Harris: 2010 Was A Year Of Hype And Have At It
By Mike Harris | Senior Writer
In a wide-ranging telephone conversation this week, my son suddenly said, “I have an idea for a column you could write.’’
Now this isn’t something I’ve heard often from anyone in my family. Usually, even if they read what I’ve written – which is not a given – the most I can expect is a “That was a nice story.’’
The idea put forward by the scion of my small family was for a “Best of 2010’’ column.
“You could write, like, what was the best press box meal of the year?’’ he said.
OK. Why not?
Without question, the best press box meal of the year was at Martinsville, where the famous red-skinned hot dogs doused with chili and onions are as good as it gets at a racetrack – unless you want to count the 2-inch-thick grilled pork chops they used to serve at Talladega.
The more I thought about it, the more I realized that my son was onto something. So, here, for what it’s worth, are a few of my personal bests of the last year:
THE BEST HYPE OF 2010: Danica Patrick’s NASCAR debut at Daytona International Speedway. The buildup to the IndyCar glamour girl’s part-time move to stock cars was bigger than the advance setup for the next day’s Daytona 500. Oh yeah, she crashed out after 69 laps and finished 35th.
THE BEST WEEKEND OF 2010: Kyle Busch become the first driver to ever sweep races in all
three of NASCAR’s professional series in the same weekend, taking the truck, Nationwide and Sprint Cup races at Bristol last August.
THE BIGGEST NASCAR WIN OF 2010: Jimmie Johnson’s victory at Dover in the second race of the Chase for the championship. After finishing 25th in the Chase opener at Loudon, Johnson bounced right back and gave notice to everyone concerned that he wasn’t ready to end his unprecedented string of Cup titles. Starting with that Dover win, Johnson finished with nine straight top-10s and came from behind to beat Denny Hamlin and win his fifth straight championship.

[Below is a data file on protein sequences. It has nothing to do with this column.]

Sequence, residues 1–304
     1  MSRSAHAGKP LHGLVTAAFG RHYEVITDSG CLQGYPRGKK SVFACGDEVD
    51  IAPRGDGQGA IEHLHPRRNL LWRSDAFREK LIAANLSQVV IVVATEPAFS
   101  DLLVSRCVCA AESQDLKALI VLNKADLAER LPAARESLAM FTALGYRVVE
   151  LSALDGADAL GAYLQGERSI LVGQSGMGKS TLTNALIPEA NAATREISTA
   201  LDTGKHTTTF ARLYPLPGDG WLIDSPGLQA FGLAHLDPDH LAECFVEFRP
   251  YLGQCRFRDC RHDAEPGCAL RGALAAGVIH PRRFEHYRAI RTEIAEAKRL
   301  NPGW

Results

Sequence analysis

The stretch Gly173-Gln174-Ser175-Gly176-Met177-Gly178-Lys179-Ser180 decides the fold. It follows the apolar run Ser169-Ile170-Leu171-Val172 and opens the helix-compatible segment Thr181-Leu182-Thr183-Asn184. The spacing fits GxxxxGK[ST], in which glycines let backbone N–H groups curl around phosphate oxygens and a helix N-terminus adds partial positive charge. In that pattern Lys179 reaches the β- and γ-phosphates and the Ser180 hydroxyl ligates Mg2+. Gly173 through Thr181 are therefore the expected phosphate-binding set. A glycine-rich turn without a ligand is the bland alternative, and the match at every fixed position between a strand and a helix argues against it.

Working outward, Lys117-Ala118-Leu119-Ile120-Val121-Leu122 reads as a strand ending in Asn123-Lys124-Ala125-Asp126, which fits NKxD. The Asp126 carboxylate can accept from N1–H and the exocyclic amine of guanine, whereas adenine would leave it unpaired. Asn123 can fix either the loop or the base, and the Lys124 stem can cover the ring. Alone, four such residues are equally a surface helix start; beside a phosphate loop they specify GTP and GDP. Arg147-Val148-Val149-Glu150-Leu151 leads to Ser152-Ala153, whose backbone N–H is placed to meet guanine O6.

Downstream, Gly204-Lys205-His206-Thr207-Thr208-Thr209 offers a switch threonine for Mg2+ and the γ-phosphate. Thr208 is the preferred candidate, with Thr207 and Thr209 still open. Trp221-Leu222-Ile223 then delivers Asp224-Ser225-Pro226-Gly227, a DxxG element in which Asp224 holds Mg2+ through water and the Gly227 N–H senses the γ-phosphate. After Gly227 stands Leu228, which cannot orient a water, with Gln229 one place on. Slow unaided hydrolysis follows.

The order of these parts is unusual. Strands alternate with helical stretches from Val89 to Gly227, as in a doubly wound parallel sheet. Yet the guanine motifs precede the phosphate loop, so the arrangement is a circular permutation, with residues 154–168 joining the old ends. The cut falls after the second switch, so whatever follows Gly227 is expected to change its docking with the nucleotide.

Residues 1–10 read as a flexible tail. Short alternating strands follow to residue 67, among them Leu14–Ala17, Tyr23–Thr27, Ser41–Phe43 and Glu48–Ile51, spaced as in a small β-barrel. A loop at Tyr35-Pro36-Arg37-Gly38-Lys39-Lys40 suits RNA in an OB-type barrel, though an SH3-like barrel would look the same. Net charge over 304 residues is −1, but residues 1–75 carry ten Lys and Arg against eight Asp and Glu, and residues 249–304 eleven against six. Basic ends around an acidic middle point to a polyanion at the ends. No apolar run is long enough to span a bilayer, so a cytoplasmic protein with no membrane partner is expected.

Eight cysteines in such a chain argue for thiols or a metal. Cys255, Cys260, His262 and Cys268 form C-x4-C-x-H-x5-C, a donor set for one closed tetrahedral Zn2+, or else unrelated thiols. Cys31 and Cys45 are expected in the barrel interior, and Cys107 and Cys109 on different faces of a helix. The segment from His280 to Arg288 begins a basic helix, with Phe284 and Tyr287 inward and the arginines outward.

THE MOST DISAPPOINTING NASCAR FINISH OF 2010: Denny Hamlin’s 12th-place run at Phoenix in the penultimate race of the season. The Joe Gibbs Racing driver, seemingly in the catbird seat on the way to his first Cup championship, had to pit 14 laps from the end of a race he thought he was going to win because of poor fuel mileage. Hamlin lost all but 15 points of his lead over Jimmie Johnson and came away from the disappointing race with bloody knuckles from slamming his hand into the dashboard in frustration.
THE MOST HEARTWARMING WIN OF 2010: Dale Earnhardt Jr. driving a No. 3 Chevrolet to victory in the July Nationwide Series race at Daytona. Richard Childress had to give Earnhardt special permission to use the No. 3 that Little E’s father made famous, and Junior made it pay off with a win that brought tears to Childress’ eyes and pleased many in Earnhardt Nation.
THE BIGGEST DISAPPOINTMENT OF 2010: It’s got to be my longtime favorite driver, Mark
Martin. I know sports writers aren’t supposed to have favorites, but it’s hard for me not to root for a driver who is by far the closest to my age among the current NASCAR stars, and a great guy to boot. After a great run at the Cup championship in 2009 that included a pair of victories, Martin was barely competitive in 2010. Hopefully, Sprint Cup’s resident graybeard can earn Comeback Driver of the Year in 2011.
THE MOST IMPRESSIVE FIRST OF 2010: Chip Ganassi, who has often been accused of having (Roger) Penske envy, outdid his longtime rival by becoming the first team owner to win the Daytona 500, the Brickyard 400 and the Indianapolis 500 in the same year. NASCAR driver Jamie McMurray, the biggest surprise of 2010, turned into a big-win guy, while Dario Franchitti gave Ganassi yet another open-wheel win at Indy. Now, if Ganassi can only find a way to beat Penske to a Cup championship, he will be a truly happy man.
FINALLY, THE BEST (OR WORST) OF DRIVERS FOLLOWING NASCAR’S MANDATE TO “HAVE AT IT, BOYS:’’ There were plenty of crashes, retaliations and harsh words during the chippy 2010 season, but the most entertaining was the confrontation between 20-year-old Joey Logano and grizzled veteran Kevin Harvick. After Harvick wrecked Logano at Pocono, the youngster erupted on the radio, saying, “I’m going to (bleeping) kill him.’’ He drove to Harvick’s car on pit road and tried to get to the elder driver, getting into a shoving match with his crew. After NASCAR got everyone settled down, Logano delivered the quote of the year: “It’s probably not his fault. His wife wears the firesuit in the family and tells him what to do.’’ DeLana Harvick got into the spirit of the debate by then producing T-shirts for women that blared: “I wear the firesuit in this family.’’
We can only hope that 2011 is as much fun as 2010. Hope my son enjoys the column.
Happy New Year to all.
– Mike Harris can be reached at firstname.lastname@example.orgOne Comment